It is easy to see why Michael Shaara's "The Killer Angels," which has just received the Pulitzer Prize for fiction, was so honored. It is a novel about the Battle of Gettysburg, a subject of almost hypnotic fascination to laymen and military historians alike, and Mr. Shaara's narrative conveys the drama, the courage and the heartbreak of those days….
Mr. Shaara, author of a number of short stories and a previous novel, "The Broken Place," writes that his aim was to tell "what it was like to be there, what the weather was like, what men's faces looked like." For this purpose he stayed within the historical record, but blended two fictional approaches: a careful expository description of strategy and tactics, aided by a series of eloquent maps, and a graphic evocation of the clashes themselves, wherein it is shown how the small happenings, the human elements and chance occurrences confound the plans of the greatest chiefs. The blurred, obscure, smoke-covered meetings continually mock the higher strategies….
The novel is a portmanteau form, capacious enough to accept any hybrid that goes by its name. Yet it is not quite clear from this book why a straightforward narrative would not have served Mr. Shaara as well as the fictional form he chose. He writes that he has altered the language: "It was a naive and sentimental time, and men spoke in windy phrases." Impossible as these phrases might be in a novel, how much closer they would bring the reader to the temper and atmosphere of their day in an authentic history.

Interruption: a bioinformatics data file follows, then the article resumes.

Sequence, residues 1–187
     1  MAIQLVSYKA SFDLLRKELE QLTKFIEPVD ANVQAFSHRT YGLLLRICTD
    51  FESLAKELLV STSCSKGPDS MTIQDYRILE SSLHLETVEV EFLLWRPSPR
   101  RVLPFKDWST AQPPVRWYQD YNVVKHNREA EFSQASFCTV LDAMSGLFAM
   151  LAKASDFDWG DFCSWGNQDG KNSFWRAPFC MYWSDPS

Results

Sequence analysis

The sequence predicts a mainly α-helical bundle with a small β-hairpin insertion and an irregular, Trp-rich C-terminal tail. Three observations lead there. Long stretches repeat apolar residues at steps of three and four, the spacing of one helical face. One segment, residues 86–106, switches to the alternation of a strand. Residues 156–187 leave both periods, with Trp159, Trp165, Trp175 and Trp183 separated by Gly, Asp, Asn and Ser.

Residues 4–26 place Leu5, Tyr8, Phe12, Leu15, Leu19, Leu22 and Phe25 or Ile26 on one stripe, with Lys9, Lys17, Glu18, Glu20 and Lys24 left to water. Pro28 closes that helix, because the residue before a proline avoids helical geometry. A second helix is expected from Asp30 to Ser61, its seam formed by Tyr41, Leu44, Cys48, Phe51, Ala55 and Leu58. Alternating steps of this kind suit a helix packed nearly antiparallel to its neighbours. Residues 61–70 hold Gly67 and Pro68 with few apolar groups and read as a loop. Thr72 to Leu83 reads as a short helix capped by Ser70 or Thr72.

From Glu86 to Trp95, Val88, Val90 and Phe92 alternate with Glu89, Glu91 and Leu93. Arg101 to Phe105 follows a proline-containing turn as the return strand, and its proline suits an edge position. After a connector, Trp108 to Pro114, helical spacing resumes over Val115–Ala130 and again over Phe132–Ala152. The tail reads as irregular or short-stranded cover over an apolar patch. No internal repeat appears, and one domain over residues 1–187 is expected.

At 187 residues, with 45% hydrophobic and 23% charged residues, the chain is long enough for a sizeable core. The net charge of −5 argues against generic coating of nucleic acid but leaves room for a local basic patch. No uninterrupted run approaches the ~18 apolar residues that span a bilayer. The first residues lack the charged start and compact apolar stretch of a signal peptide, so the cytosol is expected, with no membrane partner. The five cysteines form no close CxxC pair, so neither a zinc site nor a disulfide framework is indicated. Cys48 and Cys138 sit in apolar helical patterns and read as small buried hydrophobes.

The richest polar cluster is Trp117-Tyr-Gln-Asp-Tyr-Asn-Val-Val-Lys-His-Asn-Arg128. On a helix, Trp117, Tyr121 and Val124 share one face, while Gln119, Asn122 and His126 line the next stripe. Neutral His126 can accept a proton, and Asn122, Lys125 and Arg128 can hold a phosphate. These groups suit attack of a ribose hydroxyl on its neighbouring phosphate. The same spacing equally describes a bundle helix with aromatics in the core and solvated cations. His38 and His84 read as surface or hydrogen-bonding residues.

The fact is that his fictional touches do not add much to the dimensions of the men we know. Their character is underlined rather than deepened. The author's prose is low-keyed, devoid of effect. His humor is pawky; his invention of incident limited. Gettysburg is such a dramatic story that no one who comes near covering it within the compass of a book can fail. And Mr. Shaara doesn't. His story sweeps on and takes the reader with him.
Thomas Leak, "High Tide of the Confederacy," in The New York Times (© 1975 by The New York Times Company; reprinted by permission), May 10, 1975, p. 27.